BY SARA “I’m Not Gay But I’m Willing To Learn” SHERR GUEST COLUMNIST While Tommy Zane is on vacation this week, I’ll continue to advance the gay agenda, since according to Margaret Cho, fag hags are the fabric of gay society. However, if I get my pronouns wrong, please remember that at the end of the day, I’m a boring old straight girl in an eight-year relationship who hasn’t worn a pair of pants since the end of the Clinton administration. But, having gone through puberty during the early years of MTV, I love a man in eyeliner and a woman in a suit-and-tie.
Since 2003, Earl Dax’s Direct From NYC series has brought the queens of drag (Lady Bunny) and provoking performance artists (Karen Finley) to L’etage, Bar Noir, and the dearly departed Five Spot. But Beyond Beyond! was his most ambitious production: a four-hour plus, queer variety show for the Third National Lesbian, Gay, Bisexual, Transgender and Intersex Health Summit. Say that three times fast.
Staged Saturday night at the Trocadero, Beyond Beyond! wasn’t your typical kings, queens, and cabaret. The performers were outsiders’ outsiders, misunderstood in mainstream gay society for their ability to move between genders and sexual preferences and their failure to conform to appropriate images and body types.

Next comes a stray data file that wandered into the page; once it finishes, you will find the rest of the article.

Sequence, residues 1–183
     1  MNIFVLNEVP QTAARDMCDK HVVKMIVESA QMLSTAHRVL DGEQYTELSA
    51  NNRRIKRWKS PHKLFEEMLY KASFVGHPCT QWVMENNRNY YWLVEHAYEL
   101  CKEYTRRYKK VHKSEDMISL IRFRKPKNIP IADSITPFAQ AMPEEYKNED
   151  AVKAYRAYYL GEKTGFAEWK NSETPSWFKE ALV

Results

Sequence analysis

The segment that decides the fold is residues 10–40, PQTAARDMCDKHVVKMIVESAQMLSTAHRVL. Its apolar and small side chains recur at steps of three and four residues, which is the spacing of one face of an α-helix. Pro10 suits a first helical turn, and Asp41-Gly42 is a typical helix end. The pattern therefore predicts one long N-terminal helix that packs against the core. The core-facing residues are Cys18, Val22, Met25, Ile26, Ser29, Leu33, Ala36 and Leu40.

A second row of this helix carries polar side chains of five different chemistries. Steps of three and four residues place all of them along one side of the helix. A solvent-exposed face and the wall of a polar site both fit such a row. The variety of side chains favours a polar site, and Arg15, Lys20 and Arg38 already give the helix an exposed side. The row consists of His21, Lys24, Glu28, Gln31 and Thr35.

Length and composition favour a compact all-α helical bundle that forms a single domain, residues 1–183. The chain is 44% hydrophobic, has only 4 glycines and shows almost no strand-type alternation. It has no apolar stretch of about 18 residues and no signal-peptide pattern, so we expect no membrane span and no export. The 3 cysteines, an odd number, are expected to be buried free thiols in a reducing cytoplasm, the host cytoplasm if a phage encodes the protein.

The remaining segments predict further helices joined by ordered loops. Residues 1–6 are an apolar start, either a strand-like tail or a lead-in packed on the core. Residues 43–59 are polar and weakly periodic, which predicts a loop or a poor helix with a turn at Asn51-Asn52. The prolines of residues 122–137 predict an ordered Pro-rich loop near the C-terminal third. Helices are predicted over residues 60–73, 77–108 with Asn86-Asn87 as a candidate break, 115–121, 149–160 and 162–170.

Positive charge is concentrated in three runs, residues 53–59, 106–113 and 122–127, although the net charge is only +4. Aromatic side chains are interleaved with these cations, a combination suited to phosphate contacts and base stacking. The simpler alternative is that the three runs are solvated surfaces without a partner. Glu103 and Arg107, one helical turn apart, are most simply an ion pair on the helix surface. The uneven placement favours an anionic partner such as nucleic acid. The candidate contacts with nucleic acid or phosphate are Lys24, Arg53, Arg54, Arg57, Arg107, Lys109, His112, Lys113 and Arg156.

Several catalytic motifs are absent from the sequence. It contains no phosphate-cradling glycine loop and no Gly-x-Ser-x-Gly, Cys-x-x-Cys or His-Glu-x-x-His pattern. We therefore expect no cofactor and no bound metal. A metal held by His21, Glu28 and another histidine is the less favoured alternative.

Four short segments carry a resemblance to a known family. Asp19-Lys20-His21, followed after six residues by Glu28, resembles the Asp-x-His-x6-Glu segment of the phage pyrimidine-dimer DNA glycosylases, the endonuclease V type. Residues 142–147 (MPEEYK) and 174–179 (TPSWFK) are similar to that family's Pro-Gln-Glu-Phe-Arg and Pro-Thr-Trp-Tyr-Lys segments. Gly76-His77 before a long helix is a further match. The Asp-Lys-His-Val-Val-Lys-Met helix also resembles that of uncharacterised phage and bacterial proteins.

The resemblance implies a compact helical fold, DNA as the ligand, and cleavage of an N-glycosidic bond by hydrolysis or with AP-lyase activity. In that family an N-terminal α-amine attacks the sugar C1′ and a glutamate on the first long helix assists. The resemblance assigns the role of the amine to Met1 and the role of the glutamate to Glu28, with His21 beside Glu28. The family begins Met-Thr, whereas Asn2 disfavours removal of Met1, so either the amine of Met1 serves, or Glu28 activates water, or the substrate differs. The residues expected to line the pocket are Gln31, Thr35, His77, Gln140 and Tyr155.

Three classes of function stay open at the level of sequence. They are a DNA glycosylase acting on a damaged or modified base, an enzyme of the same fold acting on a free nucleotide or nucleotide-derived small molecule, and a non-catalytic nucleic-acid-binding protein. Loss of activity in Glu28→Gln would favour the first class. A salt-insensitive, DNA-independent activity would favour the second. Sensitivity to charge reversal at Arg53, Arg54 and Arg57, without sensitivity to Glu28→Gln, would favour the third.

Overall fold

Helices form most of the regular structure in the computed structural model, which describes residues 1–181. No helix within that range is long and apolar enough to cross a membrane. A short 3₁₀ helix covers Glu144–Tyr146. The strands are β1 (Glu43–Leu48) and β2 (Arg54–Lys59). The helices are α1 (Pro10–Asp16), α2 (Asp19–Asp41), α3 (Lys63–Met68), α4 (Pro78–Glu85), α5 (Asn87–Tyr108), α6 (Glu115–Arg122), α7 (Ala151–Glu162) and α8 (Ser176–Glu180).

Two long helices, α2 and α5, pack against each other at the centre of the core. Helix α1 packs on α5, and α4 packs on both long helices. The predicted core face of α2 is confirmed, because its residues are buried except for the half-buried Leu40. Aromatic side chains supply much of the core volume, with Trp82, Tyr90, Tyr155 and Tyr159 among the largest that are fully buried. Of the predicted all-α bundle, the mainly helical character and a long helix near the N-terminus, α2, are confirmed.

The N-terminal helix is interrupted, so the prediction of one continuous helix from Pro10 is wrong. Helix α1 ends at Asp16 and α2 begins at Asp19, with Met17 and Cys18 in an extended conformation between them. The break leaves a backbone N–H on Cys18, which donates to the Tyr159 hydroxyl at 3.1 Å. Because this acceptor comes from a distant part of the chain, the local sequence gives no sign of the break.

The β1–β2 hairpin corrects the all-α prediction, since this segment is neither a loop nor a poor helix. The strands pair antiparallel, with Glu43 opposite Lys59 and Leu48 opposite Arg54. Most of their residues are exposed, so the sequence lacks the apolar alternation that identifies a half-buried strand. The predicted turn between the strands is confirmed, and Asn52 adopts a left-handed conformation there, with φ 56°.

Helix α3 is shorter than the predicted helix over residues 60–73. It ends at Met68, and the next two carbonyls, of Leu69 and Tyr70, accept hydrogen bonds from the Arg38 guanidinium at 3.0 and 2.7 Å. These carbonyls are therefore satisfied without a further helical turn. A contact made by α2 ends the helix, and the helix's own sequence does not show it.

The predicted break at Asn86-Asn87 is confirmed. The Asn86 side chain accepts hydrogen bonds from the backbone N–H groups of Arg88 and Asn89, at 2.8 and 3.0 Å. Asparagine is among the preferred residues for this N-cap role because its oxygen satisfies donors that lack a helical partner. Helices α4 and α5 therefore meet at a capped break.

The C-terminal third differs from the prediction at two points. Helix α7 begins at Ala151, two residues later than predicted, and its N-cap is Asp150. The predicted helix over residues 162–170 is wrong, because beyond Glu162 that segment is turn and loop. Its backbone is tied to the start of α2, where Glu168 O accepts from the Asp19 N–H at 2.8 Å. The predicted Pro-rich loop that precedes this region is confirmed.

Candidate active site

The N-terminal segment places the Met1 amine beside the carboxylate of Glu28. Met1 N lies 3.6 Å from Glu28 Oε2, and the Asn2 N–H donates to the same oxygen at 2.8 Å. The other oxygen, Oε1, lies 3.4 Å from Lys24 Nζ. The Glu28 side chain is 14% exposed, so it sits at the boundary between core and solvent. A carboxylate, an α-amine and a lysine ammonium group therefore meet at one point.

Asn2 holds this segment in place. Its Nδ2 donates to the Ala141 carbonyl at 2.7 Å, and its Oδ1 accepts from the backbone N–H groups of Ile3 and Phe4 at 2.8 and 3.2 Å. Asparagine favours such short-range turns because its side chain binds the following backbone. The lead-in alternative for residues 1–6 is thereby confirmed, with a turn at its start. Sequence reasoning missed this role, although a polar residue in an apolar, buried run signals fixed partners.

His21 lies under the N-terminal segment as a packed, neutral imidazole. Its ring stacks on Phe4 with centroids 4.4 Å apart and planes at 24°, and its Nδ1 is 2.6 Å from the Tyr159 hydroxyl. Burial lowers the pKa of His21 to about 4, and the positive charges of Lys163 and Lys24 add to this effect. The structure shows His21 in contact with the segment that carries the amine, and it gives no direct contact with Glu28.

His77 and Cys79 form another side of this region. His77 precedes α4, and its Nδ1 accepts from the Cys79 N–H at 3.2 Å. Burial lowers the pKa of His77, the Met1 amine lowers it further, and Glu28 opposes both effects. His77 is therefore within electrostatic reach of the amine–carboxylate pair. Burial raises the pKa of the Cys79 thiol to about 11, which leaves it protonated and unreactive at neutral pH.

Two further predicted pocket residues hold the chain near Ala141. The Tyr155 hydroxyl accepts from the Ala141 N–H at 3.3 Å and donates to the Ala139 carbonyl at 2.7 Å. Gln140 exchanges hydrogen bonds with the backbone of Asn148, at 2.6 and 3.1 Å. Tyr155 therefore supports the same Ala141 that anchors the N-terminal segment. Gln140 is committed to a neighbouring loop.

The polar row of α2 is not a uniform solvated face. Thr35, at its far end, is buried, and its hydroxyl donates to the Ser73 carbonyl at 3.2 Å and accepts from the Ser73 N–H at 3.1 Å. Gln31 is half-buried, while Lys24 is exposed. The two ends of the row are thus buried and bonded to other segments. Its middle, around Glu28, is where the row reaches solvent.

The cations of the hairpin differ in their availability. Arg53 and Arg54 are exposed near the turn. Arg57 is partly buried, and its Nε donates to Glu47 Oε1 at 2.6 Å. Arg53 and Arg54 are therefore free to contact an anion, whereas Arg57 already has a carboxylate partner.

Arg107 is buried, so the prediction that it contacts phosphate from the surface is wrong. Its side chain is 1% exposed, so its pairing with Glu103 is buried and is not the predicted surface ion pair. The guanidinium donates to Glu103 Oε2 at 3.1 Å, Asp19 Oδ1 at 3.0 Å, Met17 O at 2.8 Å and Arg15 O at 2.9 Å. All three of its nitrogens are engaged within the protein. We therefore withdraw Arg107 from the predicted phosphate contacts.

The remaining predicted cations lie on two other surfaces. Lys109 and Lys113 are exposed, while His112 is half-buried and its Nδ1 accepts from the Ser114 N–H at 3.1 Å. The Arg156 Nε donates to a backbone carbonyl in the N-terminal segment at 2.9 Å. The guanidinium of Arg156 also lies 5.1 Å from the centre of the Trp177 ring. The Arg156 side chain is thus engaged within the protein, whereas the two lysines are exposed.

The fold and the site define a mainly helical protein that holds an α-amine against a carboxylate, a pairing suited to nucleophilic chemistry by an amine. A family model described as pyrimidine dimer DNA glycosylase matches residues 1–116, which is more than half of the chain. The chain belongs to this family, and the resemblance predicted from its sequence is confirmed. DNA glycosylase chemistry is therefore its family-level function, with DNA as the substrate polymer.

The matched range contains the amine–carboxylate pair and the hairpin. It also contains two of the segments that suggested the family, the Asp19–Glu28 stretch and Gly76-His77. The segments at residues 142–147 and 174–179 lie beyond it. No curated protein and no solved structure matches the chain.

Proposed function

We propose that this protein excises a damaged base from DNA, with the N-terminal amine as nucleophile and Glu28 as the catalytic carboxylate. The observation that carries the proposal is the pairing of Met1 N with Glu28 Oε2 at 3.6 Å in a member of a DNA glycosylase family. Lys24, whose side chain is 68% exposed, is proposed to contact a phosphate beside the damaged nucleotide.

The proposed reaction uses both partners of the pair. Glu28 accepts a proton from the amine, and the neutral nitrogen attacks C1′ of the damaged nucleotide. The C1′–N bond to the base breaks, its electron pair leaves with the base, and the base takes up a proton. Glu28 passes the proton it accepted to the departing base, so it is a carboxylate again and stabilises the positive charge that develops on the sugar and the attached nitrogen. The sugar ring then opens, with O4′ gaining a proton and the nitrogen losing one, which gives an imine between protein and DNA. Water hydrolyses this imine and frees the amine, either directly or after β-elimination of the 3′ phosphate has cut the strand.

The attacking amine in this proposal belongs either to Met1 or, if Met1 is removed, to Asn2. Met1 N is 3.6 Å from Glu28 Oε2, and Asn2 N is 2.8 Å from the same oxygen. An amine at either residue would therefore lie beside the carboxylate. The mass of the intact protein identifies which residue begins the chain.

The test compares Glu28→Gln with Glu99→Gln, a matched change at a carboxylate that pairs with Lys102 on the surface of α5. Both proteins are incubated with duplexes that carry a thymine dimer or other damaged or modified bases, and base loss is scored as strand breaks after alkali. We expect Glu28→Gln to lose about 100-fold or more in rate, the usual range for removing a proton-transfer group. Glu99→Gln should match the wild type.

The T-shirts on sale at the merch booth said it all: the Mastercard logo redone as Masturbate, along with “Trannie Mouse” and “Hello Pussy” forgeries, and Banana Republic with a slash through Dubya’s face. The oh-so-perfect host was Justin Bond, otherwise known as the Kiki half of outrageous cabaret duo Kiki and Herb and the den mother of a pansexual underground salon in the 2006 flick Shortbus. Looking like a long, cool (wo)man in a black dress, he set the tone for the evening, bringing elements of punk and Broadway together in the same gloriously unholy mess you usually get with Kiki and Herb, or even Hedwig. Patti Smith’s “Pissing in the River” was pure Kurt Weill. Bond sung Bob Dylan’s “Leopard Skin Pill Box Hat” from the perspective of both the admired and the admirer — Twyla Tharp could have used his expertise in her failed Dylan musical.